Corgatelli also argues that he should be allowed recovery for the double benefit payable for an open operation with metallic fixation. That portion of the policy declares "For an Open Operation with Bone Grafting or Metallic Fixation at Point of Fracture the Amount Payable will be Twice the Amount Payable for a Simple Fracture." It may be argued that this provision contains an ambiguity. Nevertheless it is more logical to say that the provision is so drafted as to create a reasonable expectation of double compensation when an insured's injury requires an open operation with metallic fixation. We deem it reasonable that only following a rejection of a claim would an insured determine that he will not be doubly paid because the company contends that the policy is drafted to permit double recovery only in the event of a fracture. This may be difficult for an insured to comprehend and it is difficult for this court to comprehend in view of the medical testimony that such procedures are required for cases involving injuries other than fractures. Particularly is it certain since medical testimony in the record indicates that an open operation with metallic fixation is the standard medical procedure to reduce a shoulder separation but is not the usual procedure in reducing a fracture of the collar bone.
The doctrine of reasonable expectations is peculiarly applicable to contracts where as here it is drawn in such a fashion that one hand steals away what the other seemingly confers. A close analysis of the literal meaning of the words in the provision in question solves none of the problems since the literal language is at odds with the reasonable expectations an insured would obtain from the contract.
We cannot travel as far down the path as desired by Corgatelli. He demands he be paid $1,200, twice the $600 benefit payable for a fractured collar bone. It is clear that no fracture was involved and an insured could not reasonably have expected such compensation. Since the injury was a "dislocation" Corgatelli will recover only the benefits payable for a "dislocation" of the "shoulder joint" $300, which will be doubled in amount because of the necessitated open surgery with metallic fixation.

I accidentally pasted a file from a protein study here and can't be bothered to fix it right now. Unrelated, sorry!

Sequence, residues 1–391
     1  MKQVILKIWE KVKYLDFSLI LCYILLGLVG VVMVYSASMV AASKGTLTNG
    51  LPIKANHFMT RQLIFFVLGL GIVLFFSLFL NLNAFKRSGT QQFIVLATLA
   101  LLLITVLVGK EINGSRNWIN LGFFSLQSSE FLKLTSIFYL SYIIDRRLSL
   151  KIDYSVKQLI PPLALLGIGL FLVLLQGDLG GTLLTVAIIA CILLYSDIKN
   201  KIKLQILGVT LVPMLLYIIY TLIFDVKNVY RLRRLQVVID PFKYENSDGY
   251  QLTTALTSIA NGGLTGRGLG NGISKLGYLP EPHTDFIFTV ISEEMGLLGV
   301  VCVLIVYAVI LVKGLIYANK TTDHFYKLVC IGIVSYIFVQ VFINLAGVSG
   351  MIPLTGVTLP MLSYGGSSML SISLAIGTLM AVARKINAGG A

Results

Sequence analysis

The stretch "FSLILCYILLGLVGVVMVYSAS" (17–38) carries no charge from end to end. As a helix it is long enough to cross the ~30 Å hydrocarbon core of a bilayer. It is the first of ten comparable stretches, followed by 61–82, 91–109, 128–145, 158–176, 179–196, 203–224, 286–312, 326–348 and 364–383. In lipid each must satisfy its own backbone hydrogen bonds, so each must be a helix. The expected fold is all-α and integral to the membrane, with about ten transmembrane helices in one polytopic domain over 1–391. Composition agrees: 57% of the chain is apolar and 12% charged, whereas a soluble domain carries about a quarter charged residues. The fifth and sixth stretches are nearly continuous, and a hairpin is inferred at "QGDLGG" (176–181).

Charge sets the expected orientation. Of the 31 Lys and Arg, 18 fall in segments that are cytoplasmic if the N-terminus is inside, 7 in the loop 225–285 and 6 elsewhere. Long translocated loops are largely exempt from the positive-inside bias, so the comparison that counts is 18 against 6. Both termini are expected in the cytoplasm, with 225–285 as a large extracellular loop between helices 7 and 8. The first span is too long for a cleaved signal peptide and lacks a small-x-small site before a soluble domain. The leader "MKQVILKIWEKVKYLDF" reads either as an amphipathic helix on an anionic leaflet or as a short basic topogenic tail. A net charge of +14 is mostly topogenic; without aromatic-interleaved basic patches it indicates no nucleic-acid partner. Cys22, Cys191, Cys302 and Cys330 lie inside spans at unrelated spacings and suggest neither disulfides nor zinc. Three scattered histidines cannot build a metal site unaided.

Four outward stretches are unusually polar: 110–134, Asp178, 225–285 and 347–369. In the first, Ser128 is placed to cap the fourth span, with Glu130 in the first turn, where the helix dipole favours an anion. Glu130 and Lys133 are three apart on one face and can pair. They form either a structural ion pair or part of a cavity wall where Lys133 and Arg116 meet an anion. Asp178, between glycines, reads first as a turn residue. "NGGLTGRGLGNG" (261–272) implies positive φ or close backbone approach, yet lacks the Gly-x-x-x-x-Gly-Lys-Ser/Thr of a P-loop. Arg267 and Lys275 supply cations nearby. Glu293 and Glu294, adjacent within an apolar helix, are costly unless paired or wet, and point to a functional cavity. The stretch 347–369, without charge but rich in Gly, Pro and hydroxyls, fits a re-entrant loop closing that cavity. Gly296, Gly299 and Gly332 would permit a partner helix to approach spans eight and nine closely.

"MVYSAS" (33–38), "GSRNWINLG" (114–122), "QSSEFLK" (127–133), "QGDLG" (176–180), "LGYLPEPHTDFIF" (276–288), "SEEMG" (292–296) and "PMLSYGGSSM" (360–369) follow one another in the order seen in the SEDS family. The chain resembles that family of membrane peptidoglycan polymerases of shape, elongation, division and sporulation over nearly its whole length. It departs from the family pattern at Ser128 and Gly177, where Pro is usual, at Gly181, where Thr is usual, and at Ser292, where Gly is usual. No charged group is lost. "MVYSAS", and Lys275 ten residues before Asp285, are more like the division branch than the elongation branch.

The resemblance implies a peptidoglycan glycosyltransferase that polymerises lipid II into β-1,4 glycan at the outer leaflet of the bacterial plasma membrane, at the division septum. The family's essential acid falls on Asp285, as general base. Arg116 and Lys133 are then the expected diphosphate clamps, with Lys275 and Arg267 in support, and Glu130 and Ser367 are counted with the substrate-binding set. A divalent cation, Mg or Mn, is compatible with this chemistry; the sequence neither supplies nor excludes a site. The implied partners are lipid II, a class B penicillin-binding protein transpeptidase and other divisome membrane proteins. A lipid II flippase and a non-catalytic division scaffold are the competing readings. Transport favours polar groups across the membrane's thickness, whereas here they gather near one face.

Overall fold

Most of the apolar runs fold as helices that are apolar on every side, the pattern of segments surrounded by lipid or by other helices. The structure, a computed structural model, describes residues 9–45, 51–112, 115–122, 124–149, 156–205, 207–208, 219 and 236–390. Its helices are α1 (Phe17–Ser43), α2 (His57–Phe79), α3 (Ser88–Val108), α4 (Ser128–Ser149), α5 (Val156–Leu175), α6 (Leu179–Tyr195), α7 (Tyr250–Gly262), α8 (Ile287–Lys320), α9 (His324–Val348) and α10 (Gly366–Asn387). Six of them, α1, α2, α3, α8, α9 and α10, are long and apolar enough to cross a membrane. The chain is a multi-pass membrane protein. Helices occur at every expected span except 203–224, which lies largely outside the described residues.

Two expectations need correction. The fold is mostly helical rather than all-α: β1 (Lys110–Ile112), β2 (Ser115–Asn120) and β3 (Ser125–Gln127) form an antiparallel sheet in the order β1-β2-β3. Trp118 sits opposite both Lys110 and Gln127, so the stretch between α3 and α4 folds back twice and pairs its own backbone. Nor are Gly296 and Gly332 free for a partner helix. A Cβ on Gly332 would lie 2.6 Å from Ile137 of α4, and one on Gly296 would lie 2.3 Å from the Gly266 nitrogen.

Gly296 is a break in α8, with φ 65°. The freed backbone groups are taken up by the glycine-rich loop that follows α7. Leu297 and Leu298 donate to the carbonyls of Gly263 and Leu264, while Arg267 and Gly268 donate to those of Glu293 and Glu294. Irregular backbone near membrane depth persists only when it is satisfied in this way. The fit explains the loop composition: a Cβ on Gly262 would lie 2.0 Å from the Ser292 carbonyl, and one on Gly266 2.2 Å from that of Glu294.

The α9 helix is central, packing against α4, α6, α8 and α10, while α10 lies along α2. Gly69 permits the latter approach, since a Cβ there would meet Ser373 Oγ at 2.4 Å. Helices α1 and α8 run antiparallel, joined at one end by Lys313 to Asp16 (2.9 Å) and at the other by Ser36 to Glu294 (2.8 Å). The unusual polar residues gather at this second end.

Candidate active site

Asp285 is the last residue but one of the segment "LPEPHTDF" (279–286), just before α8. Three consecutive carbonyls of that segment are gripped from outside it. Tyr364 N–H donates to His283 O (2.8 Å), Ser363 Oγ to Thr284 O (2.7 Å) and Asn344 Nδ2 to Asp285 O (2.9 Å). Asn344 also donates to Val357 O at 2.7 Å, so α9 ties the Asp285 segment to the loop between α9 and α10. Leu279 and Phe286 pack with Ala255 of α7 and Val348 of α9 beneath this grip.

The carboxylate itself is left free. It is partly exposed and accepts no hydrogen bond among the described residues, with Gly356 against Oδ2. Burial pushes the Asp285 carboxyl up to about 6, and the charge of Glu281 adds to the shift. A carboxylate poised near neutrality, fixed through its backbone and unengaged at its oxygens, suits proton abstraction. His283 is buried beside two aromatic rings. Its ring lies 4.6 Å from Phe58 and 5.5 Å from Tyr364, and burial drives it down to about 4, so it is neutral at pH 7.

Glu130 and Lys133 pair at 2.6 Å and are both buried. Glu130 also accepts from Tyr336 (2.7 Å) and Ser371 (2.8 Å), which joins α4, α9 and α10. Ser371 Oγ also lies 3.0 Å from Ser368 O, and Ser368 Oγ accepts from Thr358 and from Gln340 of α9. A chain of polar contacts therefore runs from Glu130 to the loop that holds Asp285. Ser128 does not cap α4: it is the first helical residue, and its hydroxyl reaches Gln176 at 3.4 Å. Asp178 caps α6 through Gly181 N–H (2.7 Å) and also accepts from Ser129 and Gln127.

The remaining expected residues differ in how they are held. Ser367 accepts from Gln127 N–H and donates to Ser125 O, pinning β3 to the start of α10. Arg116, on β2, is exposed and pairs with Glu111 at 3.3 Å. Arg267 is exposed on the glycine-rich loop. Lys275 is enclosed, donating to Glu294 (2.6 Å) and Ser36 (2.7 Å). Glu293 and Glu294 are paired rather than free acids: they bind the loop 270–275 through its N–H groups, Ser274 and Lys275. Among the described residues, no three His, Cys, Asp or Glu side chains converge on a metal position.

Counsel have stipulated that in the event appellant prevails upon the appeal this court shall award reasonable attorney fees. The magistrate's award of $750 attorney fees is reinstated, and since the proceedings in the district court were had upon the previously made record, appellant is awarded the sum of $500 attorney fees for proceedings in the district court. Appellant is further awarded the sum of $1,500 attorney fees upon appeal.
The decision of the district court is reversed, with instructions that judgment be entered in favor of appellant in accordance with this opinion. Costs to appellant.
McQUADE, C.J., and BAKES, JJ., concur in the conclusion.
It appears to me that the majority opinion in its haste to adopt a new doctrine in interpretation of insurance contracts has forgotten or overlooked certain basic principles involved in construing contracts and it is therefore necessary to make a quick review of the principles.
The purpose of interpretation or construction of a contract is to determine the intent of the parties, as expressed in writing, so that it may be given effect. To ascertain the intent of the parties to an insurance agreement, the Court must first look to the contract itself, construing the document as a whole. Parma Seed, Inc. v. General Ins. Co. of America, 94 Idaho 658, 662, 496 P.2d 281 (1972); Watkins v. Federal Life Ins. Co., 54 Idaho 174, 178, 29 P.2d 1007 (1934). If the language is dispositive of intent, the Court need not revert to extrinsic evidence. Parma Seed, Inc. v. General Ins. Co. of America, supra. Indeed, in the absence of ambiguity, contracts for insurance must be construed as any other and understood in their plain, ordinary and proper sense, according to meaning derived from the plain wording of the contract. Continental National Am. Group v. Allied Mutual Ins. Co., 95 Idaho 251, 253, 506 P.2d 478 (1973); Lively v. City of Blackfoot, 91 Idaho 80, 83, 416 P.2d 27 (1966); Smith v. Idaho Hospital Service, Inc., 89 Idaho 499, 506, 406 P.2d 696 (1965); Evans v. Continental Life Acc. Co., 88 Idaho 254, 257, 398 P.2d 646 (1965); Thomas v. Farm Bureau Mutual Ins. Co. of Idaho, Inc., 82 Idaho 314, 318, 353 P.2d 776 (1960).